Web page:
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Dance online this summer

Posted on May 20, 2020

New York City Ballet in Coppelia. Photograph by Susanne Faulkner Stevens.

Lincoln Center for the Performing Arts has announced a week devoted to dance that runs from May 40 to June 4. Part of Lincoln Center at Home, the offerings of Dance Week, which will be streamed at lincolncenter.org and on Lincoln Center’s Facebook Page, were filmed during more than 40 years of performances on the venue’s campus by such renowned institutions as Ballet Hispánico, New York City Ballet, American Ballet Theatre, the School of American Ballet and Alvin Ailey American Dance Theater.

Some of the broadcasts have not been seen in decades and are being unlocked as Lincoln Center offers gems from its media archives, including landmark New York City Ballet works by George Balanchine, the company’s co-founder, with some dancers in the roles that Balanchine created for them.

Dance Week will include special themed Pop-Up Classrooms, with a full schedule to be announced at a later date. Lincoln Center will also make available some of its most loved Broadway productions for free with Broadway Fridays, beginning on June 5, with Rodgers and Hammerstein’s Carousel with the New York Philharmonic.

American Ballet Theatre in Les Sylphides Photo by Louis Peres

American Ballet Theatre in Les Sylphides. Photograph by Louis Peres, courtesy of LCPA.

Another online highlight this summer is American Ballet Theatre OffStage: A 2020 Virtual Season. As the global health crisis has forced American Ballet Theatre (ABT) artists out of the theatre and into their homes, these online offerings include a slate of daily activities timed to align with ABT’s previously planned New York 80th Anniversary Spring Season, from May 11 to July 4.

In a week-by-week online celebration, American Ballet Theatre OffStage offers diverse behind-the-scenes experiences of America’s National Ballet Company. Daily programming includes conversations, ballet classes, orchestral concerts, guest artist spotlights, hair and make-up tutorials and a historical review. American Ballet Theatre OffStage will run across company online platforms at abt.org, Instagram, Facebook, YouTube and Twitter.

BalletBoyz presents Deluxe Bradley 4.18. Credit George Piper

BalletBoyz in Bradley 4.18. Photograph by George Piper.

BalletBoyz’ 20th anniversary dance show Deluxe has its TV premiere on BBC Four as part of the BBC’s Culture in Quarantine on May 27 and will be available on BBC iPlayer for 28 days following the broadcast until June 24. Deluxe was filmed during the opening venue performances of BalletBoyz’ 20th anniversary UK spring tour before it was cancelled due to COVID-19.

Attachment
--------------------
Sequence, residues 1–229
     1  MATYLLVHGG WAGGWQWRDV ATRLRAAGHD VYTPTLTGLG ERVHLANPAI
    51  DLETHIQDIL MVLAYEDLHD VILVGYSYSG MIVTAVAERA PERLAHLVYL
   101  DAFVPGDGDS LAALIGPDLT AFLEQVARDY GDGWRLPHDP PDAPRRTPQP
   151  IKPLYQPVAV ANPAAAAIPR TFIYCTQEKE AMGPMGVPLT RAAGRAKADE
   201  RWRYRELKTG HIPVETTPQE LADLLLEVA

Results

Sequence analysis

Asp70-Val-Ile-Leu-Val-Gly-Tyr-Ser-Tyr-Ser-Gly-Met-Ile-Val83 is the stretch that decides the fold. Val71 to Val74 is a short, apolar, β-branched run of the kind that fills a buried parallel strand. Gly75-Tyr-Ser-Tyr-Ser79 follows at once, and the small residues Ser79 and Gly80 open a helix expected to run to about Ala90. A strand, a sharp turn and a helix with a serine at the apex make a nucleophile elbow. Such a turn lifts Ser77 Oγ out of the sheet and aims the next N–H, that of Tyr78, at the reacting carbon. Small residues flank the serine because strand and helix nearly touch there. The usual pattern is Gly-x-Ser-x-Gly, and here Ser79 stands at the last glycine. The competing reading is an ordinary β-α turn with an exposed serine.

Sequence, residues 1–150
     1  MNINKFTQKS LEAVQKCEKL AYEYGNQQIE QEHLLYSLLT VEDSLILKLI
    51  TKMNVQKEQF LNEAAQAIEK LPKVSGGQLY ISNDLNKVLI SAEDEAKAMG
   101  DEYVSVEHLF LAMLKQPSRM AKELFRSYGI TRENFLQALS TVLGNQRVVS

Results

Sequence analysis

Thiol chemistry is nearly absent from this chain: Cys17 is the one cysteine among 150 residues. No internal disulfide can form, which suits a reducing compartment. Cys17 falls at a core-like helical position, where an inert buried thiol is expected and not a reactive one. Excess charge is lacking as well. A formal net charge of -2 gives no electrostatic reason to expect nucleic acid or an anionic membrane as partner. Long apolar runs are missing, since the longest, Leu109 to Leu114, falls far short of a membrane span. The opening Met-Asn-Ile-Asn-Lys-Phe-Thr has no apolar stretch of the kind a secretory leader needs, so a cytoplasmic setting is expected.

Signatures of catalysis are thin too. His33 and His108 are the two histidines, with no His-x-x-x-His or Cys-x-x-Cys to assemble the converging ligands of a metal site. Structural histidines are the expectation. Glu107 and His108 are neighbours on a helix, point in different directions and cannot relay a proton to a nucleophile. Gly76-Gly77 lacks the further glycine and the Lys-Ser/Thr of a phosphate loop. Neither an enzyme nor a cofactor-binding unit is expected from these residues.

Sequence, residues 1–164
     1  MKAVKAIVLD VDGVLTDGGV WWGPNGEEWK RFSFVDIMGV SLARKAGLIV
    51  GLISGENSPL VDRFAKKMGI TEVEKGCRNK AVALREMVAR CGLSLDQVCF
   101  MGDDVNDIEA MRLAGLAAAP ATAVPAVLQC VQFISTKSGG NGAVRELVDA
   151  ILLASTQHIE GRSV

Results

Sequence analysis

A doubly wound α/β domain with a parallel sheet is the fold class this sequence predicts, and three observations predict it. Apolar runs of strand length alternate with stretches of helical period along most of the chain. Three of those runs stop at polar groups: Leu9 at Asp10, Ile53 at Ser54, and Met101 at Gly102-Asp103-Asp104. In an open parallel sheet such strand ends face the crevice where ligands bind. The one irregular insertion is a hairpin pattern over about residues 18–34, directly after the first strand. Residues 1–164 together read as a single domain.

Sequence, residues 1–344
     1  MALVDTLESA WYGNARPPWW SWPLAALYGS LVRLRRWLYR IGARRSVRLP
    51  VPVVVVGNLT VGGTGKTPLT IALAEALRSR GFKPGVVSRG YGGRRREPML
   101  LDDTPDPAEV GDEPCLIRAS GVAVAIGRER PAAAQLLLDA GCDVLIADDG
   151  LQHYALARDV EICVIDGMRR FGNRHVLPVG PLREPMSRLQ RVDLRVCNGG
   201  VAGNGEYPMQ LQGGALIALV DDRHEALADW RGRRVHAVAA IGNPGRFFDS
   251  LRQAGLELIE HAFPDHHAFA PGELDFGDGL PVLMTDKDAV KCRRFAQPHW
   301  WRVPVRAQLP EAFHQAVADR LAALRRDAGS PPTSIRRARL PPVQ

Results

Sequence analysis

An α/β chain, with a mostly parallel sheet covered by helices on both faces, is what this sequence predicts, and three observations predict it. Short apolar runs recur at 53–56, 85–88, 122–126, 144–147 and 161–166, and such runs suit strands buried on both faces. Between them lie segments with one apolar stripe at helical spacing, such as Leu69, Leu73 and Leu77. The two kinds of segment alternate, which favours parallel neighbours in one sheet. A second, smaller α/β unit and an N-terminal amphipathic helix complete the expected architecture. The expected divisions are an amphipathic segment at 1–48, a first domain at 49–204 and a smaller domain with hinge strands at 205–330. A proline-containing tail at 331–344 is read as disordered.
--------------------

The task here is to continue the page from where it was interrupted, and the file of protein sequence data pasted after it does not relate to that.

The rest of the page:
Bradley 4:18, choreographed by Punchdrunk’s Maxine Doyle, is inspired by the lyrics and story of spoken word artist Kate Tempest’s Pictures on a Screen, about Bradley, a seemingly successful young man struggling to connect with the world around him. The work presents the six BalletBoyz dancers as different iterations of the character Bradley, and how he might act at 4:18 in the morning, and is set to a score by London-based composer, arranger and alto-saxophonist Cassie Kinoshi.

Ripple is the UK debut production from Chinese choreographer Xie Xin to a highly detailed electronic score by composer, lauded tap dancer and her long-time collaborator Jiang Shaofeng. The piece explores movement inspired by the memory of a person and the flow of energy that such memories and feelings possess. Fluid and lyrical, it sees the company express new styles in contrast to their familiar athletic and strength-oriented work.

Further treats can be enjoyed through the BBC iPlayer in the form of a wide selection of classic movies from Hollywood’s golden age. RKO Pictures was one of the Big Five studios of Hollywood’s golden age during the 1930s, producing some of the best-loved and most revered films in cinema history, and working with some of the biggest stars and directors ever, including, of course, Fred Astaire and Ginger Rogers in the likes of Top Hat and The Gay Divorcee.

Main photograph: New York City Ballet in Coppélia. Photograph by Susanne Faulkner Stevens, courtesy of Lincoln Center for the Performing Arts. 

Nicola Rayner was editor of Dance Today from 2010 to 2015. She has written for a number of publications including The Guardian, The Independent and Time Out Buenos Aires, where she cut her teeth as a dance journalist working on the tango section. Today she continues to dance everything from ballroom to breakdance, with varying degrees of success. Her debut novel, The Girl Before You, was published last year in paperback, ebook and audiobook.

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